This week’s review focuses on a distillery that would be rather well known by many people due to its expressions being readily available and widely enjoyed across a multitude of markets. It may also come as a surprise that this is the first time that I’ve actually reviewed a Glenmorangie since starting this blog, but better late than never.
The distillery is famously known for having the tallest stills in all of Scotland, reaching an impressive 18m in height and definitely contributing towards the light and fruity character that the distillery was looking to achieve.
Glenmorangie distillery was founded in 1843 when William Matheson applied for a license for a farm distillery known as Morangie. Illicit production of whisky occurred at a previous incarnation of the farm in 1778 and started perhaps as early as 1703. The distillery was completed in 1849 and commenced production thereafter.
The distillery began exports to Rome and San Francisco in 1880 before undergoing a period of reconstruction 7 years later, which led to the formation of The Glenmorangie Distillery Company Ltd.
Approximately 40% of the distillery was then sold in 1918 to Macdonald & Muir Ltd, with the remaining being purchased by whisky dealer, Durham. This arrangement continued until sometime in the 1930s, when Macdonald & Muir Ltd purchased the remaining shares held by Durham in order to take full control of the company and the distillery.
The distillery remained under the control of the Macdonald family until 2004, when the company was sold to Moet Hennessy for approximately £300m. At that point in time, Glenmorangie PLC controlled a trio of distilleries (Glenmorangie, Glen Moray and Ardbeg) and had also concluded a deal to purchase the Scotch Malt Whisky Society (SMWS).
In 2008, Moet Hennessy decided to proceed with the sale of Glen Moray distillery to fellow French spirits group La Martiniquaise and followed that up with the sale of the SMWS to a group of private investors in 2015. The sale allowed the SMWS to resume its status as a fully independent entity within the whisky industry.
Glenmorangie’s (and by extension, Ardbeg’s) master distiller, Dr Bill Lumsden, is seen as one of the foremost authorities in terms of whisky production and has been credited for kickstarting the trend of subjecting whiskies to extra maturation, or “finishing”.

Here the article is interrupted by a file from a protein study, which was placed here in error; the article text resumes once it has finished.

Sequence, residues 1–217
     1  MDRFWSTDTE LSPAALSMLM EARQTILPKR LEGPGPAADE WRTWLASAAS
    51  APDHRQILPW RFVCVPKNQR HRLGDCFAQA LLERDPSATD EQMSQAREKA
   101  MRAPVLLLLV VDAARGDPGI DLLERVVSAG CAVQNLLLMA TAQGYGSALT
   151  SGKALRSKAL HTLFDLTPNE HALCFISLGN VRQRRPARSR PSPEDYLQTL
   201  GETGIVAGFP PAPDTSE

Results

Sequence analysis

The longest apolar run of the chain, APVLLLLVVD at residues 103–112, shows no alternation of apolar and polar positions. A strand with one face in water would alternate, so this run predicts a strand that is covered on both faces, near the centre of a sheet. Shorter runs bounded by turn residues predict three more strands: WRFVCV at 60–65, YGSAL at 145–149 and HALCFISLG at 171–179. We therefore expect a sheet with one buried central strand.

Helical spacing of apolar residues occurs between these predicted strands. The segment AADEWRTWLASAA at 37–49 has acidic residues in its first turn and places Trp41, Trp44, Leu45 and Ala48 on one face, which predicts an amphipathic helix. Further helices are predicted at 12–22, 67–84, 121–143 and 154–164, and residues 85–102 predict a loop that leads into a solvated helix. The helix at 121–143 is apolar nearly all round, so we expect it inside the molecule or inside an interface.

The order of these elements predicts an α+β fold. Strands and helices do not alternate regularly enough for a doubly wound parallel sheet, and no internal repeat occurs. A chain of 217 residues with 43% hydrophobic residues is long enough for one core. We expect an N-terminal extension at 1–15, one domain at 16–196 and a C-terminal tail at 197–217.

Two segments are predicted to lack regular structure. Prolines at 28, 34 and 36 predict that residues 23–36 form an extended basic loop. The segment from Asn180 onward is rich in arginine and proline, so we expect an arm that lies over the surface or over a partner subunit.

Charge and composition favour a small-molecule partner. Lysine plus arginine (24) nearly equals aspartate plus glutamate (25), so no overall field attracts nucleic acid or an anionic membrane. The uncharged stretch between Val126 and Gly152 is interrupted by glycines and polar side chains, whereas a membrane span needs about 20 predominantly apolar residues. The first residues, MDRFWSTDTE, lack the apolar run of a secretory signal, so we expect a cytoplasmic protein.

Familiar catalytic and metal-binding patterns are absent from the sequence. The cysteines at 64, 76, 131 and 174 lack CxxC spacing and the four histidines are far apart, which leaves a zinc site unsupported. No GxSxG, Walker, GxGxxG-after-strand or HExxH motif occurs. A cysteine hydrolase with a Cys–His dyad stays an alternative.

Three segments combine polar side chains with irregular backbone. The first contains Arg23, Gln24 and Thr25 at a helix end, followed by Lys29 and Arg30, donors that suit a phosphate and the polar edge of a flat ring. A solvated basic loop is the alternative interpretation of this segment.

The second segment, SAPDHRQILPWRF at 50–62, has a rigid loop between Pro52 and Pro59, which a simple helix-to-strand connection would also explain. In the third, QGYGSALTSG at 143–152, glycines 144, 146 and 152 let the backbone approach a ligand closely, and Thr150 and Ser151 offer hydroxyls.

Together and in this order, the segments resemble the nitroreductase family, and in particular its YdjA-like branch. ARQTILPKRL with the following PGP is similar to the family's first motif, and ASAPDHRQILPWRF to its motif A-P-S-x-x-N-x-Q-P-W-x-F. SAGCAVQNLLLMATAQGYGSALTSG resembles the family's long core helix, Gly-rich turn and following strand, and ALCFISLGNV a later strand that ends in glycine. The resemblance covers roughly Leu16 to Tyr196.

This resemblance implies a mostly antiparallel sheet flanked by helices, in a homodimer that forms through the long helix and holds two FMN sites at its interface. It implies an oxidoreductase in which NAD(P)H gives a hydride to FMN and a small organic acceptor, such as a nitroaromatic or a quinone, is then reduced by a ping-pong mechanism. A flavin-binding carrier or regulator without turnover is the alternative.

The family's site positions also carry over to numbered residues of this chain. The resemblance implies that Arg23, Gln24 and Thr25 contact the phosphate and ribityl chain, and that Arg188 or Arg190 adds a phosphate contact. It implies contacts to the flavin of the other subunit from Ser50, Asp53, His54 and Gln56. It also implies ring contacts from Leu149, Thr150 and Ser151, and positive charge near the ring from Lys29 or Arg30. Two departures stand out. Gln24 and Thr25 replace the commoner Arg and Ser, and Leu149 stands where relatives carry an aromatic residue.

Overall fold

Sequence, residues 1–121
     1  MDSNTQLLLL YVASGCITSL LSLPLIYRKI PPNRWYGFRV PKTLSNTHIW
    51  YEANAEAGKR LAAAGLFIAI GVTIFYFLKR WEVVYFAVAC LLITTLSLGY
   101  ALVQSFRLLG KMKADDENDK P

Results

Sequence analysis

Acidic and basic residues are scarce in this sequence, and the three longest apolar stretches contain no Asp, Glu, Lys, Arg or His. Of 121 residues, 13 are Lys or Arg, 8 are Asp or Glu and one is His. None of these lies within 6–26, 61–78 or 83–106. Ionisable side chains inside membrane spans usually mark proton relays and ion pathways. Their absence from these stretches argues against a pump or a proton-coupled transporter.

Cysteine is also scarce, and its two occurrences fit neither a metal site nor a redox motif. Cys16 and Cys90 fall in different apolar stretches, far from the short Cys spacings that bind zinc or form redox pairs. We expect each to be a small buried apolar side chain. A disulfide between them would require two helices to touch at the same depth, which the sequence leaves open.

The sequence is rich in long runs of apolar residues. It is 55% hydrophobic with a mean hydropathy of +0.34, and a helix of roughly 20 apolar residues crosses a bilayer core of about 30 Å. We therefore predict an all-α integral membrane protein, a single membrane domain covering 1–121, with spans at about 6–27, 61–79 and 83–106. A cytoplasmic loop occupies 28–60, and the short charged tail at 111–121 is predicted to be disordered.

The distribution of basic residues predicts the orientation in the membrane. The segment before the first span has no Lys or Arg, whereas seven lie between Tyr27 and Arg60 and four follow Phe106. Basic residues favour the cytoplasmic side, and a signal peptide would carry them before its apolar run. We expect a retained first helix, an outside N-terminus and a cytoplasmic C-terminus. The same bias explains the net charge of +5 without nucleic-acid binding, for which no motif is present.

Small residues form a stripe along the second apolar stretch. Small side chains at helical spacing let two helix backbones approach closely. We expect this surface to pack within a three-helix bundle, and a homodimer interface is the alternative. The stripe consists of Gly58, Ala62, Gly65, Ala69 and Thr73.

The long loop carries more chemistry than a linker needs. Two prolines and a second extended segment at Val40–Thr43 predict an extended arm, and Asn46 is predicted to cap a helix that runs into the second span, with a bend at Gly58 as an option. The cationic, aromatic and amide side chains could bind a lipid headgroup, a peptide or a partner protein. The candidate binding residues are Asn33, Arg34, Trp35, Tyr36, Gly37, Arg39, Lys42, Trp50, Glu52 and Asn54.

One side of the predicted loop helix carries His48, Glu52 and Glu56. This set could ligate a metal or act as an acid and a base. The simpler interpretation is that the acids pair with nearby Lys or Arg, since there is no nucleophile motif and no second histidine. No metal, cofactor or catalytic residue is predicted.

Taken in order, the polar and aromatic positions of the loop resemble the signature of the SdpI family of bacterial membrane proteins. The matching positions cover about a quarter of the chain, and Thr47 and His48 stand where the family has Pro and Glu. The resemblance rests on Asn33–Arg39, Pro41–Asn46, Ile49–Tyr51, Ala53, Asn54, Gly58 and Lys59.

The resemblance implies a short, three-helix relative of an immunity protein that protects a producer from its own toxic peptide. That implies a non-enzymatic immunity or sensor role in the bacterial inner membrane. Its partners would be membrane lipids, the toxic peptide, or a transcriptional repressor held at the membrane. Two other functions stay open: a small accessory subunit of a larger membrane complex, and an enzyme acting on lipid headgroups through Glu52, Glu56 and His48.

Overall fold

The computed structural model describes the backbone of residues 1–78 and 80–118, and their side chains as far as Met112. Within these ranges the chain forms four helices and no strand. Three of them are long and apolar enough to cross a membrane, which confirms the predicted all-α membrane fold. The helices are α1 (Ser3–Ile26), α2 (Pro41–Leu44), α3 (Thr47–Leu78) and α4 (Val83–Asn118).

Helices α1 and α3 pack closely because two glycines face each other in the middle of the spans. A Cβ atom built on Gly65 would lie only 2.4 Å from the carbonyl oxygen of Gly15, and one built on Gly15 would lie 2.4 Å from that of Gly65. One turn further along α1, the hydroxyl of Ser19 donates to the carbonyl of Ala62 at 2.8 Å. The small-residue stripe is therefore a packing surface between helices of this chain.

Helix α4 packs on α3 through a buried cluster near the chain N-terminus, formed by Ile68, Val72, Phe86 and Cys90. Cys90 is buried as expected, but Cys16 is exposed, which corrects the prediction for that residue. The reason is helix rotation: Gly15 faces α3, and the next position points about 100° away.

This has resulted in the Glenmorangie core range of “finished” whiskies which initially starts off as the 10 Years Old expression before being matured for a further 2 years in a multitude of casks such as sauternes (Nectar D’or), sherry (Lasanta) and port (Quinta Ruban).
Another expression from the core range is the Signet, which is the focus of this week’s review. The Signet is made from a marriage of some of the oldest stocks at the distillery and distilled from a variety of barley, 20% of which was chocolate malt (or heavily roasted malt).
The distillate was then matured in a variety of “designer casks” which were specially crafted for the distillery from American White Oak and matured for a certain number of years before being married together and bottled.
The exact recipe is known only to a select few within the Glenmorangie hierarchy, so information is basically at a premium when it comes to this whisky. However, the distillery considers this to be the richest whisky within its range and considering that they do possess some rather rich whiskies which have been finished in sherry and port casks, that is a strong statement to make.
So, let’s get on with the review!
Glenmorangie Signet (46% abv)
Nose: Floral, rich, fruity and dense in equal measure, with raisins and apricots particularly dominant and there being a note somewhat reminiscent of Christmas cake. Allspice and black pepper round off what is a rather complex and inviting nose. (21/25)
Palate: Warming, rich, floral and fruity on the palate, with the allspice, black pepper and Christmas cake notes filtering through from the nose to the palate. The spice notes are quite well-rounded though and the dram definitely has a sophisticated edge to it.
With time, rose water, vanilla and some clotted cream emerge on the palate and combine beautifully with the other elements. A very delicious meeting of different components! (23/25)
Finish: Long and lingering on the finish, with the vanilla, Christmas cake and some orange notes from the nose and palate filtering through. The dram imparts a rich and sophisticated feel which hints at the age of some of the component whiskies within. Very more-ish. (22/25)
Balance: An exceptionally well-balanced and dangerously drinkable whisky which represents great value for money when you consider the price per bottle and what you get for it.
In some ways, it reminds me of some of the characteristics that one would experience with certain Irish whiskies, albeit on a much richer scale of course. (22/25)
Having tried this whisky for the first time a few years ago and loving it, it was definitely nice to revisit it again and the tasting notes perhaps do not do this dram justice considering how good it really is.
It must be said that the tasting notes were written in a rush as I was savouring this dram during a tasting at Amsterdam airport prior to my flight back to Singapore, so time was definitely at a premium and I was looking to enjoy the whisky as much as I could while remembering to take some notes.
I would definitely recommend this whisky to anyone who wants to try something decidedly different from the rest of the Glenmorangie core range and the price per bottle at Duty Free makes this a rather attractive option.
If you haven’t tried this expression, please do so as I reckon you just might immensely enjoy this. For those who have tried this before, I would love to hear your thoughts about it in the comments section.
Until the next post, have a great week ahead.
More reviews: https://www.thesinglecask.sg/blogs/news